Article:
The first real workshop day, Monday, was all about creativity. The students were asked what the biggest problems facing the world were, what their talents were, and how they could solve them. The solutions didn’t have to be realistic, or even practical—the goal was just to get the students to begin dreaming bigger. On Tuesday, students spent the day finding their own stories. They were asked to think about what challenges they had faced through their lives, and ultimately, what issues they were passionate about solving. These stories were then shared with the entire group. To quote Sydney Baffour ’20, “Hearing everyone’s story and understanding their background not only brought the group together, but also made me reflect on myself and where I was going…It was a truly humbling experience.” By Wednesday morning, the students had tentative ideas about what issue they wanted to tackle, and how they were going to go about creating a social enterprise to solve this issue. The rest of the day was spent iterating on these ideas—which sometimes involved writing out a full plan on a giant whiteboard and then realizing it wasn’t going to work and erasing all of it. The unofficial motto of the day was: fail hard, fail fast, fail often. On Thursday students refined their ideas and began practicing a one-minute pitch for their idea. The students went to bed not knowing that a huge surprise was coming on Friday.
The next morning, after one final round of pitch practice, the group boarded a bus and headed into downtown LA to the US Bank Tower. Once there, they took the elevator up to the top floor. Each student then slid down the glass slide that runs outside the building; the thinking being that if you can go down a glass slide off the edge of a 70 story building, giving a pitch should be a piece of cake. After the slide, the students were split up into six groups where they each gave their pitch. From there, each group voted on a winner to go on to a final round where they would compete for prizes. Some of which included asking Mark Cuban for advice about their startup, and spending time with Cheryl Dorsey to talk about their enterprise. These were just two examples of the six—each finalist won an incredible mentorship prize. The final ideas pitched on the top of the US Bank Tower, the tallest building in LA and the closest to the moon you can get in the city, were highly varied and very polished. Listening to the students speak one would be hard pressed to believe that they had only come up with, and designed these ideas, in the last few days. The pitches ranged from aquaponics at the middle school level to a “sustainable etsy” that allowed Indian women to sell their wares directly to the global market to an after school debate and politics empowerment program designed to get more students of color running for political office. The pitches were truly more than anyone could’ve hoped for at the end of one week.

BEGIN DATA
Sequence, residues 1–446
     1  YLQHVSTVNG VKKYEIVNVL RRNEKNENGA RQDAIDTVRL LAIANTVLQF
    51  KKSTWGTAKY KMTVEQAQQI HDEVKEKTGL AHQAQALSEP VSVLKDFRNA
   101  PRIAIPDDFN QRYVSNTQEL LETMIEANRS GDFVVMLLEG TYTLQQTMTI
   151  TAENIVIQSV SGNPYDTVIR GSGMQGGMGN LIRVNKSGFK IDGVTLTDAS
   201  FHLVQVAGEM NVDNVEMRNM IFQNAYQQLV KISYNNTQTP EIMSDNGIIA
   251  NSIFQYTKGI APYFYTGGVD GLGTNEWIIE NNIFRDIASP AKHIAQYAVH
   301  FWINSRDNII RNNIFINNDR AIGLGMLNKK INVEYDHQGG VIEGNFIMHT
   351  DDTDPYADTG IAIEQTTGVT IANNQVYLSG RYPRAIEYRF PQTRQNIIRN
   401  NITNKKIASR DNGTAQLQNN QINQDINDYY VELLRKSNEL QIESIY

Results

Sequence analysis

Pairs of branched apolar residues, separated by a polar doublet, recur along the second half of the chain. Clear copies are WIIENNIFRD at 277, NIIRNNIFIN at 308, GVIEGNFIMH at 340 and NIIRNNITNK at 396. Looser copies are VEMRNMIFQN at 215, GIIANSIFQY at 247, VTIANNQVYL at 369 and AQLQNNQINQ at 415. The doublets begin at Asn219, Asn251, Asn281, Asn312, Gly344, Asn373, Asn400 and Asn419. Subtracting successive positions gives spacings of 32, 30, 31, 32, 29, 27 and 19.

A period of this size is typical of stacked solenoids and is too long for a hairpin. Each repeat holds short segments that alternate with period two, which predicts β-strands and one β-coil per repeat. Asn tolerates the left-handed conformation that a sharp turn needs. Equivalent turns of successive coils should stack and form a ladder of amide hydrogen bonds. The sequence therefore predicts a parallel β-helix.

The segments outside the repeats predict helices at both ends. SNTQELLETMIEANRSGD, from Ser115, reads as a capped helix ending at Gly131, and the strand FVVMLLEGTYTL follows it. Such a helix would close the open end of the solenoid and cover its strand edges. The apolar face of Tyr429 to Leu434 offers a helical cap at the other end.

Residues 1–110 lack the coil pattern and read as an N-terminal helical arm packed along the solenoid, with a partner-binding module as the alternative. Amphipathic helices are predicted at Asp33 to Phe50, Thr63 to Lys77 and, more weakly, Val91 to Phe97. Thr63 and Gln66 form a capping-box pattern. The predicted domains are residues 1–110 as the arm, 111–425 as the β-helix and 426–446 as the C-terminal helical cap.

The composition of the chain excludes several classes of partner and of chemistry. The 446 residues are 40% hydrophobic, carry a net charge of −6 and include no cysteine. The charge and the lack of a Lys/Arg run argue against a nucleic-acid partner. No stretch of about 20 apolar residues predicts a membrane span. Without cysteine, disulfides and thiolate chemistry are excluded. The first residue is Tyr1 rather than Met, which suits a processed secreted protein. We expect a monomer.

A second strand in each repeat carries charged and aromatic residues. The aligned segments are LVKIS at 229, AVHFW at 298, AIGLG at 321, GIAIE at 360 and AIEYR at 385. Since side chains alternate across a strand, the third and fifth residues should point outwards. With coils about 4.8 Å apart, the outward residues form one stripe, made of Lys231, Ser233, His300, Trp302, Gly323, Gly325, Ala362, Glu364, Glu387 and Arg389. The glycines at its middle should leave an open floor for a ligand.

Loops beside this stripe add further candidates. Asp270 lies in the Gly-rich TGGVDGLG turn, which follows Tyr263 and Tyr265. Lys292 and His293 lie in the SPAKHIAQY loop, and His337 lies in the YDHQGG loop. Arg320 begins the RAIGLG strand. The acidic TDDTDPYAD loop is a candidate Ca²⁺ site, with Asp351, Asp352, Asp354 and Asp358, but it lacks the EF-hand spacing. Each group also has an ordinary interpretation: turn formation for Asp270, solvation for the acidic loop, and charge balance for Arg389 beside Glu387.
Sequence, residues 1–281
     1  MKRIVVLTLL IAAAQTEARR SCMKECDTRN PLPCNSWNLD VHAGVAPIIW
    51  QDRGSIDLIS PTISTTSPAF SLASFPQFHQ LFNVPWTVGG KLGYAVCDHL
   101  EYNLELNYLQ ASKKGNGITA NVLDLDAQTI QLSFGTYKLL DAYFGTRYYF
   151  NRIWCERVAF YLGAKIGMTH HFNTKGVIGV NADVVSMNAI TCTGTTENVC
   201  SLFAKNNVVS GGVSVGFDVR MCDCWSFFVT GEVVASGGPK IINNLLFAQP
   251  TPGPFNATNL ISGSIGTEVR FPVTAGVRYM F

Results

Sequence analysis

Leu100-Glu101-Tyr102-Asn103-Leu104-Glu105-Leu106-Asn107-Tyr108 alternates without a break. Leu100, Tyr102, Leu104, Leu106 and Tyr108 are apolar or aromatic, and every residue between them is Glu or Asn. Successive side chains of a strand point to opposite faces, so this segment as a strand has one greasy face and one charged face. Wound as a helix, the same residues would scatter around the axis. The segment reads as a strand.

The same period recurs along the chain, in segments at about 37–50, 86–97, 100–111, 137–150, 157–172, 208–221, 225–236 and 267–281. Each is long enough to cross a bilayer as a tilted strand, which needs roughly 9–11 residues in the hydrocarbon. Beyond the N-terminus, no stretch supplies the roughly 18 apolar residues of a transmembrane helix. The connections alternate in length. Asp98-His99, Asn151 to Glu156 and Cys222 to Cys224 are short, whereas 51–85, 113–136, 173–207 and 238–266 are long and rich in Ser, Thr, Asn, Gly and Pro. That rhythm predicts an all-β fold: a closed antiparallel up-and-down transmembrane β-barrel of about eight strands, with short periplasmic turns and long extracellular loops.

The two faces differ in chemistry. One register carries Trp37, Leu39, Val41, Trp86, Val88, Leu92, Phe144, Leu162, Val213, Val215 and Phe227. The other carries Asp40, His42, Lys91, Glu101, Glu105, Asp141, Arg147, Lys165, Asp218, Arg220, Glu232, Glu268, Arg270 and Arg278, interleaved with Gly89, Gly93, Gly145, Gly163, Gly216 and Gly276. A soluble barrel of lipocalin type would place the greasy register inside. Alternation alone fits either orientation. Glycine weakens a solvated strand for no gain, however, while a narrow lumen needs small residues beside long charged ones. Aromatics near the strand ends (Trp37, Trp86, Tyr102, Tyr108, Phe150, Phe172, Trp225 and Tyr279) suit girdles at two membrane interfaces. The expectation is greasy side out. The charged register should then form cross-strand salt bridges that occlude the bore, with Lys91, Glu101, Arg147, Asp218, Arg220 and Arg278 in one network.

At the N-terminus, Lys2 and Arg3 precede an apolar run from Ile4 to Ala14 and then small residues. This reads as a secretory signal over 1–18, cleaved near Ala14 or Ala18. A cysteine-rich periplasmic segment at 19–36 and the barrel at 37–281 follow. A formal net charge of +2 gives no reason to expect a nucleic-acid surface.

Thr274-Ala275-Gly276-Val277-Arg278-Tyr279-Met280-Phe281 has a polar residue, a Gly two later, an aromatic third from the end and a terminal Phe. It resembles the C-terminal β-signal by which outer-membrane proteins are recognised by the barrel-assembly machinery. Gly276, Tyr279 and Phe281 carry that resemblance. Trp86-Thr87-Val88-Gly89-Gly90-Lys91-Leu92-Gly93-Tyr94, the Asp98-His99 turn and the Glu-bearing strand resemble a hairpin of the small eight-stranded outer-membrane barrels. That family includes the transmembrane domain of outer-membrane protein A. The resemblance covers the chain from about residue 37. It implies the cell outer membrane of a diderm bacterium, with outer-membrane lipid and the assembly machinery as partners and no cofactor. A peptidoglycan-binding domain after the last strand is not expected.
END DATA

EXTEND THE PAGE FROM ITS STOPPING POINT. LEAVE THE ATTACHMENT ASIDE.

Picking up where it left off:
As students came to realize on the first day of the program, each of us has an incredible, unique set of skills and passions. On one of the walls in the Moonshot House hung the quote by Aristotle, “Where your talents and the needs of the world cross; there lies your vocation.” I cannot think of a more appropriate way to sum up the incredible conversations and general feeling left at the end of this incredible week.
The 2017 Kravis Leadership Institute Moonshot House was the most incredible program I’ve ever had the privilege to attend. With the formation of the Social Innovation and Impact Office, the Moonshot House, signals a somewhat new direction for KLI and perhaps CMC as a whole. Next year, KLI will launch a series of new social innovation related programs through the Social Innovation and Impact Office. Additionally, the student group impACT has been drastically revamped for the upcoming year; the group’s mission is to foster social entrepreneurship through networking, workshops, and competitions such as the Hult Prize. Taken together these should have a significant impact in raising the profile of social innovation at Claremont McKenna College.
A special thanks to Angelica Ferreira, KLI Events Logistics Coordinator. The program would not have been possible without the incredible logistical work of Angelica Ferreira.